The juice of the bitter cassava, when boiled to thick syrup and flavored with spices, is called cassareep, which is used as culinary flavoring in tropical countries.
In Sierra Leone cassava leaves are pounded to fine chaff used with meat or fish to cook palaver sauce. (It is necessary to wash the leaf chaff several times to remove the bitterness.)
Cassava roots can be peeled, chipped, dried and ground into flour which can be used to prepare porridge and foufou, a starchy staple food in Western Africa (and ugali in Kenya-which is consumed as an accompaniment for meat dishes, purées, soups, stews and gravies.)
The flour can also be used to bake cassava cake or bread. The bread is called "La boule Nationale" (the national ball) in French; Bukari in Swahili, and Luku in Kikongo.
Cassava is used as animal feed. It is a good source of roughage for dairy, beef, buffalo, goats, and sheep by either direct feeding or as a protein source in the concentrate mixtures.
The leaves are used to treat hypertension, headache, pain and irritable bowel syndrome.
Cassava can be used to make alcoholic beverages. The English explorer and naturalist Charles Waterton reported in Wanderings in South America (1836) that the natives of Guyana used cassava to make liquor, which they abandoned when rum became available.
Hamilton Rice, in 1913, also remarked on liquor being made from cassava in the Brazilian rainforest.
The Indian tribes in northern Brazil and Surinam – Tiriós and Erwarhoyanas – make a beverage called “sakurá” with the sweet variety of cassava named Yuca. It is the same beverage made by the Jivaro in Ecuador and Peru.
Cassava chips are used to produce ethanol in many countries. Attempts are being made worldwide to increase the use of ethanol as opposed to petroleum. For example, under the Development Plan for Renewable Energy, the Eleventh Five-Year Plan of the People's Republic of China targets to increase the use of ethanol fuel to 2 million tons by 2010. This will be equivalent to a substitute of 10 million tons of petroleum.
Cassava flour is used to manufacturer sugar syrups and adhesives used to glue together plywood.
Challenges in cassava production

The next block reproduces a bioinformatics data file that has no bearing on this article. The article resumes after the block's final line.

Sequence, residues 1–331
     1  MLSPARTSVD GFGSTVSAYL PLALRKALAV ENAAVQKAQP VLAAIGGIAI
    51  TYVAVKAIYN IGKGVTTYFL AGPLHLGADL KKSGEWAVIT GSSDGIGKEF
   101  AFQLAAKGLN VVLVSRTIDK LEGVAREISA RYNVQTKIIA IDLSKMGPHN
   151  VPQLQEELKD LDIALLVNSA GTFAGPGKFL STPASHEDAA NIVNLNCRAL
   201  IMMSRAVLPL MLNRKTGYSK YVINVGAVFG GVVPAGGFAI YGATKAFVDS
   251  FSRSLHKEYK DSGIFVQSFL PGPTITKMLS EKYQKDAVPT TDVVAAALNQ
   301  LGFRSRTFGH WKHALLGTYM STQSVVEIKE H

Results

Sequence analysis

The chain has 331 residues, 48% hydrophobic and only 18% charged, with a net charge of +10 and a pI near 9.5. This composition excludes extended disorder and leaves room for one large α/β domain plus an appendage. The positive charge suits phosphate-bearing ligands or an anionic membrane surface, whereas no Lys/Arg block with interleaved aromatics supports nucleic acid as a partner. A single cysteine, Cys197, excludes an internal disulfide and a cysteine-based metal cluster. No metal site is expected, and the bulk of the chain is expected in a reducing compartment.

Though cassava has massive nutritional and economic potential, farmers in East Africa report the following challenges in its production:
Cassava is harvested by hand, mainly by raising the lower part of the stem and pulling the roots out of the ground, then removing them from the base of the plant. The upper parts of the stems with the leaves are plucked off before harvest.
Cassava has a natural healing process. Any damage to the root triggers a self healing process. The process of separating the root from the main plant causes a dent on the root. Unfortunately, the healing process (which does not stop even after harvesting,) oxidizes and blackens the tubers within two to three days after harvest. This deteriorates them and eventually renders them unpalatable and useless.
To remedy this, FCI has been training farmers on different preservation techniques. These include:
Drying-either as chips or ground into flour.
Freezing-This has faced challenges because most rural areas in sub-Saharan Africa lack electricity. Also, the farmers cannot afford refrigerators.
Some farmers have been resorting to burying the tubers-underground storage. Though used, it may reduce the quality of roots.
Another cause of loss in cassava production is diseases. Brown Streak Disease has been identified as a major threat to Cassava cultivation worldwide.
Once harvested, peeled and stored, pests are reported to infest the stores.
With the foregoing, it is evident that more needs to be done to boost cassava production, commercialization and marketing within the East African region.